- The Untold Story of the Talking Book by Matthew Rubery
Audio Book, History, Disability, Listening
The book, understood as an object, medium, or technology, has received a lot of scholarly attention. Histories of books have produced fascinating tales of forbidden books, illuminated books, and sacred books. The impact of the printing press continues to be debated. Some years ago, critics were convinced [End Page 107] that the Internet would shorten our attention spans and they announced the death of the book. Instead, we have seen the creation of a new format for books, the e-book, as well as an explosion of book sales facilitated by Internet companies like Amazon. The audiobook is part of this new media landscape, taking its place among podcasts and music in our listening lives. But the audiobook itself is not a new phenomenon, and this new book traces its long and intriguing history. It is a welcome addition to a field that has neglected the history of books in audio format.
While disability played a major role in the development of the talking book, Rubery makes it clear that the first talking books were not necessarily intended for blind readers. When Thomas Edison promoted his new phonograph as a medium for recording books, he imagined their appeal to the illiterate and manual or industrial laborers as well as the blind. Talking books might appeal to families with limited access to electricity, who spent evenings in the dark, or to people who aspired to greater cultural capital through familiarity with the work of Charles Dickens or Adam Smith.
Eventually, however, recording books for blind readers dominated the production of talking books. In the 1930s, both the American Foundation for the Blind and the Library of Congress established lending systems for the circulation of talking books. Rubery notes the debates among public officials, blind readers, and advocacy groups about what was to be recorded or distributed, and the relative merits of braille or recorded books. In time, the consensus that emerged affirmed the importance and utility of recorded books, and resources continued to be devoted to recording new titles. Another impetus for the recording of books came after the first World War in Britain, when the needs of soldiers blinded or wounded in combat became a matter of public discussion. Growing in the inter-war period, the production of recorded books in Britain rivaled that of the United States. Rubery’s account offers readers an engaging history of recorded books in English in the northern hemisphere. While it does not claim to be a global history of the talking book, it fails to acknowledge the rather limited scope and so risks universalizing these two specific cases. One wonders whether readers of English in India or Jamaica had access to recorded books, or whether books were being recorded in China, Egypt, or France. Clearly this is beyond the reach of this admirably researched book. But a more specific placing of these cases within a global context would have been welcome.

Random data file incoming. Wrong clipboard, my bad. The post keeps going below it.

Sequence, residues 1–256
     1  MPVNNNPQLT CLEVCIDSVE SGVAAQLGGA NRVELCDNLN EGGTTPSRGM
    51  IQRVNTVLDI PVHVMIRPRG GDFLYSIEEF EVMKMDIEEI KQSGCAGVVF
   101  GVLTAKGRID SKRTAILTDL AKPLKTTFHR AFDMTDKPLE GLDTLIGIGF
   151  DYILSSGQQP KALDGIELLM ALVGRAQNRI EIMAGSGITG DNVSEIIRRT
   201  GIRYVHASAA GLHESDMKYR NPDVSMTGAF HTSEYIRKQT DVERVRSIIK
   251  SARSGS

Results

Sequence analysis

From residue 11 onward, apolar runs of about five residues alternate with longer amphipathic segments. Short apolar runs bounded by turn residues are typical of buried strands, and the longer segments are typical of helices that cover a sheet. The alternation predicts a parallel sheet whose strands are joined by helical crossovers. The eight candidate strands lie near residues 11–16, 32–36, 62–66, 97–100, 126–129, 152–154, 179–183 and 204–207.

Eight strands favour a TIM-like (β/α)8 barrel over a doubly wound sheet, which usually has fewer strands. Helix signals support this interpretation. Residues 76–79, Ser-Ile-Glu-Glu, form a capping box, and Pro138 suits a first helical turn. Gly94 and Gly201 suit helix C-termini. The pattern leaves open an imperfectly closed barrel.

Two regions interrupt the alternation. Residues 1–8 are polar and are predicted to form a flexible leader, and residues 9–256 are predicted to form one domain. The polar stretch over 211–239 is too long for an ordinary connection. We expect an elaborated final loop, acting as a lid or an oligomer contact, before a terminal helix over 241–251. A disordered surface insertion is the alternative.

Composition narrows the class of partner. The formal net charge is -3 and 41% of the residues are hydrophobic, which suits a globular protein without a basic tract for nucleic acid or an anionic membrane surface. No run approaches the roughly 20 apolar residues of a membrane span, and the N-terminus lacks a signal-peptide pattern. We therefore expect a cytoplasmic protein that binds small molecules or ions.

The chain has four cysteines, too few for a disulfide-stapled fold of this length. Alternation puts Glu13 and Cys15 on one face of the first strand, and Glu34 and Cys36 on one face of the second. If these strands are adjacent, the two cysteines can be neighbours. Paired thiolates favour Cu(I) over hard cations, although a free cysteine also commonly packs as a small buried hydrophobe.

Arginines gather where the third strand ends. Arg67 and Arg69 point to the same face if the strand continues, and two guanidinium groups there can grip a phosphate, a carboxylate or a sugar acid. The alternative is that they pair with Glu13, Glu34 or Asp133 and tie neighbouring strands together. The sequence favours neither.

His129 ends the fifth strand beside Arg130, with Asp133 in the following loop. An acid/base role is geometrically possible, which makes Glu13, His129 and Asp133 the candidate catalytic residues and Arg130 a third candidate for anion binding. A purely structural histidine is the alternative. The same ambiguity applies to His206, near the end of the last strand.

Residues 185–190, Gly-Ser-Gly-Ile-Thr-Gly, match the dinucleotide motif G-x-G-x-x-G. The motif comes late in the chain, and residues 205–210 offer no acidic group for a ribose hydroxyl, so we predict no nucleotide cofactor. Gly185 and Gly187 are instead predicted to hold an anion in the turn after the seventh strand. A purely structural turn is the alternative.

In the era before recording books became a commercial enterprise, limited resources meant that the selection of both books and readers was a fraught and political process. Rubery details some of the debates over which books were chosen and which readers were most sought after. This is in fact an account of the making of an aural canon that privileged whiteness, Christianity (the Bible was one of the first, and most popular recorded books), and nationalism. Among the reasons why books were deemed unrecordable are that they contained difficult dialects, too many foreign accents, or were simply too political. It is easy to see how, by attrition, the gatekeepers of unsuitability reinforced the already Eurocentric and male-dominated canon. In some ways, this resonates with recurring debates about public goods and the public sphere. If public resources are devoted to the distribution of texts and other materials, the matter of monitoring [End Page 108] or controlling the content becomes politicized and can result in the reproduction of power structures in ways that may be hidden to the public...